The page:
EXPO New Mexico restricts access to info.
A state-licensed medical marijuana producer is suing EXPO New Mexico officials. The suit claims restrictions on what the company was allowed to display in an informational booth violated free speech laws. Mainly by preventing them from reasonably disseminating their info.
New Mexico Top Organics-Ultra Health explained why they filed the complaint this week in U.S. District Court. They claimed that the rules set forth by the EXPO officials are so strict the company couldn’t even display its logo. The logo features a stylized image of a marijuana leaf, but not displaying it would negate the benefits of presenting.
Last summer, Ultra Health ran into trouble with the EXPO as well. They were given permission to place a small marijuana plant at a booth on the fairgrounds. Ultra Health President Duke Rodriguez said that despite following all the rules, about seven hours after the plant went on display, fair officials ordered its removal. The officials demanded the removal citing complaints from “higher up.”
The state Department of Health later contacted Ultra Health. They said that displaying the plant violated rules governing the nonprofit’s license to grow medical cannabis. Because of the violation, the producer was sanctioned by having to close all seven of their locations for five days.
The sanction couldn’t have come at a worse time either. April 20, the biggest cannabis consuming holiday of the year fell right in the middle of the penalty. Rodriguez estimated that closing his dispensaries around the state for five days would cost the company more than $150,000.
The insane fees and penalties prompted Ultra Health to sue the department in state District Court. They contended the sanction was excessive, not supported by law and would actively hurt patients. In April, Ultra Health learned that the penalties would be held off until a judge could hear the case.
This may be the first Lawsuit, but it won’t be the last.
This lawsuit is just an example of the tension between marijuana advocates and government officials. Ultra Health is part of a movement sweeping the nation and won’t let the personal prejudices of a few people get in the way of progress. And they won’t roll over to let members of a legal, regulated industry be subjected to unfair treatment.
In an effort to clarify what was and what was not allowed this year, Ultra Health asked EXPO officials for details. The e-mail reply from Riana Bingham, the Director of Concessions stated “You may not bring onto the EXPO New Mexico campus any and all cannabis and cannabis derived products including CDB products.” CDB stands for cannabidiol, a compound that does not make feel high but does provide medicinal benefits.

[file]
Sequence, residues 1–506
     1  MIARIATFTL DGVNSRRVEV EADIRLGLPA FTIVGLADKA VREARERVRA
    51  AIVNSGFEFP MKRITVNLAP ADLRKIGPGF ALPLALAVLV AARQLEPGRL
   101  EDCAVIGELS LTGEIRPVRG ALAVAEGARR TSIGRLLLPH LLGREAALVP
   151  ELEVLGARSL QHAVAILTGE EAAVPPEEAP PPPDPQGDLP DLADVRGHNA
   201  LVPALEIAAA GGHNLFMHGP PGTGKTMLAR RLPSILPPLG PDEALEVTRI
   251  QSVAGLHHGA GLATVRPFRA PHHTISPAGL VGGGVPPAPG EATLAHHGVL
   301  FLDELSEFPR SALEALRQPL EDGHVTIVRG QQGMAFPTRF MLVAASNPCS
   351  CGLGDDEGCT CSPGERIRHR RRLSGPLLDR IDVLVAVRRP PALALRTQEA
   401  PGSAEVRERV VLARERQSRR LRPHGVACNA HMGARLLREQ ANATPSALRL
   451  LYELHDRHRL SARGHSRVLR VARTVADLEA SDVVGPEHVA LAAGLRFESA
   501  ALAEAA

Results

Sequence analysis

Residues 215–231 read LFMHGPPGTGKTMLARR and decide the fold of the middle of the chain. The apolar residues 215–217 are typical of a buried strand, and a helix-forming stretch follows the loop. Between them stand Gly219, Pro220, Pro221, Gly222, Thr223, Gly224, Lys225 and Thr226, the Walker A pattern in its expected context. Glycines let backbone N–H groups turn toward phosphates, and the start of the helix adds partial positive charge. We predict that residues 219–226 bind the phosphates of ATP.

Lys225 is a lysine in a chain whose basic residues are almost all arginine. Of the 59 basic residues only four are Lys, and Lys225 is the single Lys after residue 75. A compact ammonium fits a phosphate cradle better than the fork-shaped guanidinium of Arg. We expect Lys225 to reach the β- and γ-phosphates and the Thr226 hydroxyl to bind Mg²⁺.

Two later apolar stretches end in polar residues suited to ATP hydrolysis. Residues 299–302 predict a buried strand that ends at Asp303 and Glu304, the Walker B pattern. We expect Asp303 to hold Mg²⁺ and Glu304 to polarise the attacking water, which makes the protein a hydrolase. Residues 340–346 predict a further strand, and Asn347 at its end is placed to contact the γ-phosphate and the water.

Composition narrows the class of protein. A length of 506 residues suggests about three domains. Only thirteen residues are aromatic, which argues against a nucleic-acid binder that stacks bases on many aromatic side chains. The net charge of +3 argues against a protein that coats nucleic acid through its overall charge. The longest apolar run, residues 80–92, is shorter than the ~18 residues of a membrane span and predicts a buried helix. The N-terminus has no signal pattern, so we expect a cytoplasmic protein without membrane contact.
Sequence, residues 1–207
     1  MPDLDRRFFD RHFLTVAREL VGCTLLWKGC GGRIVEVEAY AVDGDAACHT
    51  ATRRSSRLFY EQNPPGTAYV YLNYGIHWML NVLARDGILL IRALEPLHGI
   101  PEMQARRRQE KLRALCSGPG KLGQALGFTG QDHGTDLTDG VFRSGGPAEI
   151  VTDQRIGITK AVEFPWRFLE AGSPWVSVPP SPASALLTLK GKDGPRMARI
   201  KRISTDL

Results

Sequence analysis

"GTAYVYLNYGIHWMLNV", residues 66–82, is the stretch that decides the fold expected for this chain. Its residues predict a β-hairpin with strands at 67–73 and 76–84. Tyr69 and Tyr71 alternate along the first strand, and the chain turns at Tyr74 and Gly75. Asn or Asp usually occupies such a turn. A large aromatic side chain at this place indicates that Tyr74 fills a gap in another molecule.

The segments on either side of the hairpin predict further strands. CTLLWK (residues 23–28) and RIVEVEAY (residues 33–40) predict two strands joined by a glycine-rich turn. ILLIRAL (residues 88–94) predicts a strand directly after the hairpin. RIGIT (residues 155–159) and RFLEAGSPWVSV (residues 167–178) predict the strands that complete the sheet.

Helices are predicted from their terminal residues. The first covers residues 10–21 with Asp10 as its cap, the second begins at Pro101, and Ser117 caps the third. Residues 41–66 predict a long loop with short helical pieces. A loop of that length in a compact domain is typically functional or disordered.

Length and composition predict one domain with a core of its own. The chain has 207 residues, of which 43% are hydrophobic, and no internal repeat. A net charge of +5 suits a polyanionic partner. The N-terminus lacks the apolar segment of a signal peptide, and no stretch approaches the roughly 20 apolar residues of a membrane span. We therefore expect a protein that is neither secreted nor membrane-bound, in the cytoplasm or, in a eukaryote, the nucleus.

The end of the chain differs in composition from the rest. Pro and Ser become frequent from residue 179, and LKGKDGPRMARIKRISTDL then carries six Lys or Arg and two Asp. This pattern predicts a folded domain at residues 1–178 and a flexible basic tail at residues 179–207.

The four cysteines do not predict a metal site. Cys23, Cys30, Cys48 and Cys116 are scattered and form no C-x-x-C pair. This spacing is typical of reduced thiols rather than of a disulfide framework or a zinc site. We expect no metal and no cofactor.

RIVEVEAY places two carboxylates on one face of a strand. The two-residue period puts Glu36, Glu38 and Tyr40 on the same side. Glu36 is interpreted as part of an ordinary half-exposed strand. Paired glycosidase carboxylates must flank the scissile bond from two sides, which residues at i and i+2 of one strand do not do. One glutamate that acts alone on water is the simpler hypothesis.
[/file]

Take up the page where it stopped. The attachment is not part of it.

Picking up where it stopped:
“Moreover, you may not bring any type of drug paraphernalia that could be used to plant, propagate, cultivate, grow, harvest, manufacture, compound, convert, produce, process, prepare, test, analyze, pack, repack, store, contain, conceal, inject, ingest, inhale or otherwise introduce into the human body any type of cannabis or other controlled substance,” Bingham continued in the e-mail.
The lawsuit says the restrictions presented above effectively ban them from participation. These rules prohibit Ultra Health from displaying a microscope, a scale, a shovel, or even a cardboard box, as those items could be used in the cultivation or storage of cannabis.
The suit claims that the next line in Bingham’s email goes even further in restricting the producer’s First Amendment rights. It states, “You are also precluded from displaying any image of the above restricted items in any way to include banners, flyers clothing or any other medium,”
Under those rules, booths can’t show even a drawing of a cannabis plant. Ultra Health claims the rules prevent retailers from displaying even “a T-shirt of Bob Marley holding a cannabis product.” When asked if the rules intended to prohibit such images, Expo Spokesman Erin Thompson said it was “hard to say” but that officials have the authority to do so and have in the past.
The company decided not to attend the upcoming state fair. Ultra Health asked the federal court to declare that the fair officials actions illegal. Ultra Health claims EXPO officials treated them “As if Ultra Health is engaged in criminal activity, instead of medical activity regulated by the State.” The company also requested the court to confirm Ultra Health’s right “to educate and inform the public … without being subjected to content and viewpoint discrimination.”